Vaccine trials are completed in the phases outlined below:
Research & Discovery: Research is conducted in a laboratory to identify potential vaccine candidates. Through this testing, the vaccine candidate that shows the most benefits moves to the next step.
Pre-clinical testing: Pre-clinical testing involves laboratory research and testing in animals to determine a vaccine's effectiveness and safety before moving to human trials.
Phase 1 & 2: Testing occurs in small groups of healthy adult volunteers to identify any safety concerns and gain early information about how well the vaccine works.
Phase 3: If no safety concerns were identified and the vaccine showed effectiveness, Phase 3 involves testing in larger groups of diverse populations ranging from several hundred to 3,000 people.
For the COVID-19 vaccine trials, grants from health departments enabled researchers to test even larger groups, some totaling more than 60,000. More extensive group testing has helped expedite data collection on side effects, vaccine effectiveness, and how to safely administer the vaccine.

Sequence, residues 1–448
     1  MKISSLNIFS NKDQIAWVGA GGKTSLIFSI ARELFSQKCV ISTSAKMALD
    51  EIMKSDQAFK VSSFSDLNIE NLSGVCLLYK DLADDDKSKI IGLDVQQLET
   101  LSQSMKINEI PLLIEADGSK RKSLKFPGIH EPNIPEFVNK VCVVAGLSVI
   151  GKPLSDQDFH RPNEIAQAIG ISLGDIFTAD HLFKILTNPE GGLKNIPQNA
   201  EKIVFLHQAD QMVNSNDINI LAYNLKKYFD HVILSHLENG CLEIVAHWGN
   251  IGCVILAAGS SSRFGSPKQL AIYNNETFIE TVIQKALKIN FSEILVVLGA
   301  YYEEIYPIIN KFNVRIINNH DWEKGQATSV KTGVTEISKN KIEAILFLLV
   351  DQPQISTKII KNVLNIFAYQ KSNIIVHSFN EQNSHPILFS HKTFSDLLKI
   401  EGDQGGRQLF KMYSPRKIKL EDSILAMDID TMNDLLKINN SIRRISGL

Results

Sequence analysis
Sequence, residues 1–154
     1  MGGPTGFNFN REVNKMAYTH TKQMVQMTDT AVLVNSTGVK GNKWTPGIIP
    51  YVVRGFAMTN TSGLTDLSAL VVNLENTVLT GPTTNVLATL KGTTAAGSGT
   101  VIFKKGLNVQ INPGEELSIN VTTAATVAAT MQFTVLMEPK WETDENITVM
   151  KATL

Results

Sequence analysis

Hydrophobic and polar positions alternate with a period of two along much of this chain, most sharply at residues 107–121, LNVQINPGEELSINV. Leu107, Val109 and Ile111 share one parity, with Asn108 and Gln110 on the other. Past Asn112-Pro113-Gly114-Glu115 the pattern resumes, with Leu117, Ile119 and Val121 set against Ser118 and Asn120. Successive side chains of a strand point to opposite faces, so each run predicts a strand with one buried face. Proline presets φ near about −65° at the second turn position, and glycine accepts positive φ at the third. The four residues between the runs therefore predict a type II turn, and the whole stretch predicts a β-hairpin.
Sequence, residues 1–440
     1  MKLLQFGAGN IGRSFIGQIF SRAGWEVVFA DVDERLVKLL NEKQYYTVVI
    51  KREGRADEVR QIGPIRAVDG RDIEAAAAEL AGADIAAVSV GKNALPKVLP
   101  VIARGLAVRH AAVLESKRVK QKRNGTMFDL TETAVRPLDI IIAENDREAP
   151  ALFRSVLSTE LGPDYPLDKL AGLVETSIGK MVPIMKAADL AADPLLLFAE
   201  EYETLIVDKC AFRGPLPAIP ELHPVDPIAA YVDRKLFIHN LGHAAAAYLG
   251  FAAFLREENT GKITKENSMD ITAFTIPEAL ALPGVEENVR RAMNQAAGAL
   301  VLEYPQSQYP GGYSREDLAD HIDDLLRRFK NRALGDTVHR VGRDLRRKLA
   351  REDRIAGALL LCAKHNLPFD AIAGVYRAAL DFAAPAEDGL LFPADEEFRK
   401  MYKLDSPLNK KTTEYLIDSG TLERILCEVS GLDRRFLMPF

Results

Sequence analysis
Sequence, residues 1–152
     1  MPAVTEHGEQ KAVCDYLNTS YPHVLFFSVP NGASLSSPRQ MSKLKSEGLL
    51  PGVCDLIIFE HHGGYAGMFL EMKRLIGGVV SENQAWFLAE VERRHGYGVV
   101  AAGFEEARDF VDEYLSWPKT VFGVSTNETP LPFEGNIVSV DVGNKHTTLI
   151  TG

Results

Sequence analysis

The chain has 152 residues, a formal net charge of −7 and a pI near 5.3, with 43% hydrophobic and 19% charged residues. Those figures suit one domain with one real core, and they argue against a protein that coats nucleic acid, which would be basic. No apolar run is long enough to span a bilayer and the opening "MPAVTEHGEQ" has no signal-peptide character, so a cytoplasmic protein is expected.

Phase 4: Phase 4 involves a final review of all clinical trial data, and the FDA makes a final decision for approval. Monitoring doesn't stop after approval – the FDA and regulatory agencies continue to monitor production, manufacturing, vaccine efficacy, and safety.
What is a COVID-19 Emergency Use Authorization?
The first COVID-19 vaccine is being administered under an Emergency Use Authorization, or EUA. An EUA is submitted to the FDA during a public health emergency and allows medical countermeasures, such as vaccines, to be used before completing Phase 3 of the FDA approval process. Post authorization, the FDA, the CDC, and other healthcare agencies closely monitor vaccine safety and effectiveness.
How safe will the COVID-19 vaccines be?
Safety is a top priority during any vaccine approval process. Clinical trials are continually monitored for possible side effects, unexpected health events, or potential safety concerns. Even after FDA approval, the FDA conducts ongoing surveillance on vaccines. It is important to remember that no vaccine is 100 percent effective in preventing disease or 100 percent safe in all individuals despite rigorous and comprehensive safety protocols.
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